As leaders in digital innovation, we’re constantly considering and testing the impact of new technology and fresh approaches to hone best practise, enhance user experience and grow revenues. These are some of our latest thoughts and findings:
Several events these past few weeks have had me thinking about my wish list for scholarly publishing’s future. This is, which of today’s problems, frictions, irritants and opportunities would I put at the top of a list to be resolved?
I would like to hear what’s on your list! I’ll be giving a talk in January and would like some ‘far-out’ additions to my own list.
(This is the first in an occasional series on findings from HighWire’s researcher interviews.)
In our series of over sixty interviews, we found remarkable consistency of answers to our questions about researcher workflow, even across disciplines. But on one question, we found a number of researchers answered ‘yes’, and a number ‘no’:
“Do you use journal name to decide what articles to read?”
In the month that SAMS Sigma launched at Frankfurt Book Fair, it is good to see that awareness of the problems around access to scholarly resources are gaining wider currency. Especially since these are the very problems SAMS Sigma has been developed to address.
The transformation in discovery – and its consequences – was the topic of the opening keynote at the September 2015 ALPSP Annual Meeting. Anurag Acharya – co-founder of Google Scholar – spoke and answered questions for an hour. That’s forever in our sound-bite culture, but the talk was both inspirational — about what we had collectively accomplished — as well as exciting and challenging – about the directions ahead. Anurag’s talk and the Q&A is online as a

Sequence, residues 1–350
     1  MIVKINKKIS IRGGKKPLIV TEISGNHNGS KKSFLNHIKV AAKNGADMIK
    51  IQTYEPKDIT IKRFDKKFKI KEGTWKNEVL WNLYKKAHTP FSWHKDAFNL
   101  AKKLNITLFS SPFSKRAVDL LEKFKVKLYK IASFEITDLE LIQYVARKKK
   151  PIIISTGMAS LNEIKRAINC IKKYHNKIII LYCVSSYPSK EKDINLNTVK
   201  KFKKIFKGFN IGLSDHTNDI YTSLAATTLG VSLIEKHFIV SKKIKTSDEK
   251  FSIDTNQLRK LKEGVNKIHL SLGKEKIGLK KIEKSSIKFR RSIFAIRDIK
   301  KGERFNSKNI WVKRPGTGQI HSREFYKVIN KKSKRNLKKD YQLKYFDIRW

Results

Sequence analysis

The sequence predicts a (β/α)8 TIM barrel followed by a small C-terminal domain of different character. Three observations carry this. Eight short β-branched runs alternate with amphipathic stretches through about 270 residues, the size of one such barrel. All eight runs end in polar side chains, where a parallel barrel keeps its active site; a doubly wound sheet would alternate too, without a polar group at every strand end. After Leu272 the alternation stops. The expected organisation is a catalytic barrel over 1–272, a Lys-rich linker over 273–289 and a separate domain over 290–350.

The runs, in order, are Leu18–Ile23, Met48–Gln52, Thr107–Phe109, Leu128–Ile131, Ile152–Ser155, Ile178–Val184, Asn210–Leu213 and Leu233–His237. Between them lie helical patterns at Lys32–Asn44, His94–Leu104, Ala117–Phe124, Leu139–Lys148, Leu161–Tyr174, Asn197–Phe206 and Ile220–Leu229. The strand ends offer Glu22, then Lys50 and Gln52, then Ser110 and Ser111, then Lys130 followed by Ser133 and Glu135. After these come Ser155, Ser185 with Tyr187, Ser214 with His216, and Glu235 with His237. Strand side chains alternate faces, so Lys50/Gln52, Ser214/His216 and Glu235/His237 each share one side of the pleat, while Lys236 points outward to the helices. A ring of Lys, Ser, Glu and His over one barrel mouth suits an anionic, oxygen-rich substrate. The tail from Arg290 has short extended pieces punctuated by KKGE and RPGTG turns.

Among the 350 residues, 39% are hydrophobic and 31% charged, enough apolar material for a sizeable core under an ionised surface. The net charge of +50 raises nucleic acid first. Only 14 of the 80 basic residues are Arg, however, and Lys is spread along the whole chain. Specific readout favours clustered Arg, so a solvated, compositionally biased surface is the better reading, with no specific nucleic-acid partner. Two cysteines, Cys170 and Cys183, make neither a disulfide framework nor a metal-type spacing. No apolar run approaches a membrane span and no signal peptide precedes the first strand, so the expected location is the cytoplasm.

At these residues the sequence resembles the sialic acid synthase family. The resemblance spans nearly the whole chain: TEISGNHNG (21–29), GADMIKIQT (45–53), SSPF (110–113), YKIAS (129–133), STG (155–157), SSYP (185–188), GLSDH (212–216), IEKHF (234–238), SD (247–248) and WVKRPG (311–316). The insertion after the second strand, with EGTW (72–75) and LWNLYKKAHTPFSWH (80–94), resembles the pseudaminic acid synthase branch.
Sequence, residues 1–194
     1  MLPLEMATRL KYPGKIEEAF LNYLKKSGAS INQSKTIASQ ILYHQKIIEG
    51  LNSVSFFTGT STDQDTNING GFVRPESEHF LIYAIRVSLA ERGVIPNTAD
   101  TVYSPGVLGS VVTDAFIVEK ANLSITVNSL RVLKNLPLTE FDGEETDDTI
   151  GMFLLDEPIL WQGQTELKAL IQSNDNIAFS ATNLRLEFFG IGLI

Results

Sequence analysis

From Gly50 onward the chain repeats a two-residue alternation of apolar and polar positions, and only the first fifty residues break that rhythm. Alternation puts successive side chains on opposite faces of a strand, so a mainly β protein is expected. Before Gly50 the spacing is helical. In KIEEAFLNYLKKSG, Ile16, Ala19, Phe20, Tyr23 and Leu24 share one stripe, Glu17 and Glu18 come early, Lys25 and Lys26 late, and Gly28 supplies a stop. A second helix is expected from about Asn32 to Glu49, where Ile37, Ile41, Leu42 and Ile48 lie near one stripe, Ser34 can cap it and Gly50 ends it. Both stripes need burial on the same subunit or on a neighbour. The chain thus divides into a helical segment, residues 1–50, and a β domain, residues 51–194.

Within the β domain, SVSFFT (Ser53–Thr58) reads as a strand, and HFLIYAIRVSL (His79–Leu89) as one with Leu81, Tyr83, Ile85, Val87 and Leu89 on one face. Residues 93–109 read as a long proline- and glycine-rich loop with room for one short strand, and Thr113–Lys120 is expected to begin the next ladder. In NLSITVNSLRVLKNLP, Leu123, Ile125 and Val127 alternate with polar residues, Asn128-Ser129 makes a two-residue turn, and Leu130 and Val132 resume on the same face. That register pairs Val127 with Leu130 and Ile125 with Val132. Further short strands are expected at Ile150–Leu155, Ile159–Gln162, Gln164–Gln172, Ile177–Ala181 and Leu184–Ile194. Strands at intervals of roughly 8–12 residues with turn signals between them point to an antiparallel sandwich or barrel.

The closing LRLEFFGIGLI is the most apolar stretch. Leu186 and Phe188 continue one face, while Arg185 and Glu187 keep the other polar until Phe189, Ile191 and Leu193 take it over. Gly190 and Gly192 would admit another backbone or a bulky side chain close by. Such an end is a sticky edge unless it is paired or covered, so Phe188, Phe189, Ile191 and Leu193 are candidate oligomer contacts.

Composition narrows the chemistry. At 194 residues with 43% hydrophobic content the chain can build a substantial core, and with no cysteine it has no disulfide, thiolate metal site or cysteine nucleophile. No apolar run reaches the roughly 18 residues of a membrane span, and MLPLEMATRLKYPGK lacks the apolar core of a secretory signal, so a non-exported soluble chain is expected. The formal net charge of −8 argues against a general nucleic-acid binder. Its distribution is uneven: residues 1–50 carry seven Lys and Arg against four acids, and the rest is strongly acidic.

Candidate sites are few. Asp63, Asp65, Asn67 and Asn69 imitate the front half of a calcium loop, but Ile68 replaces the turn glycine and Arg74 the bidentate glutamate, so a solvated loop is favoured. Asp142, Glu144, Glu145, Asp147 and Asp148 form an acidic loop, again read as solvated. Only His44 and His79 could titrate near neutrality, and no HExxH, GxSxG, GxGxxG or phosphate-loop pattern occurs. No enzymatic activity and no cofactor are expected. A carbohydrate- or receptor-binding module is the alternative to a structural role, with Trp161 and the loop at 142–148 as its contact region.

“Let no one tell you that ‘Scholarly communication hasn’t changed’”
HighWire conducted its first extensive user studies in 2002. Since then, several things have completely altered the workflow of the researcher:
Desire lines are those paths you see in urban areas where people have taken a shortcut across the grass because there is no constructed path, or because the official path takes too circuitous a route. Town planners are interested in them, and so are user experience (UX) designers.
Desire lines tell us something about what people want from an environment, which is often in opposition to those who have designed the environment have guessed they will want, or prefer that they would do.
Continuous delivery (CD) is the latest buzzword in platform development, a hot new trend that you need to jump on or be dead meat, the greatest thing since sliced bread … join in if you know the words.
Unfortunately, for many in digital publishing the exhortations to move to continuous development, no matter how great the potential benefits of doing so might seem, will meet with cynicism – or perhaps a weary shrug. Continuous delivery? We’re still trying to nail delivery, thank you very much.
(This is the first in a series of posts exploring findings of HighWire’s researcher interviews. These interviews were conducted in 2012-2014, with over 60 researchers at Stanford and other leading institutions. The researchers were from all branches of scholarship.)
When we interviewed scholars about their “research workflow”, one of the first questions we asked was about discovery: how did they find the materials they needed to read on a research topic?
A few months ago, I had the opportunity to participate in a series of talks conducted by the Book Industry Standards Group (BISG) and the National Information Standards Organization (NISO) where we discussed the growth of subscription models in the digital books market .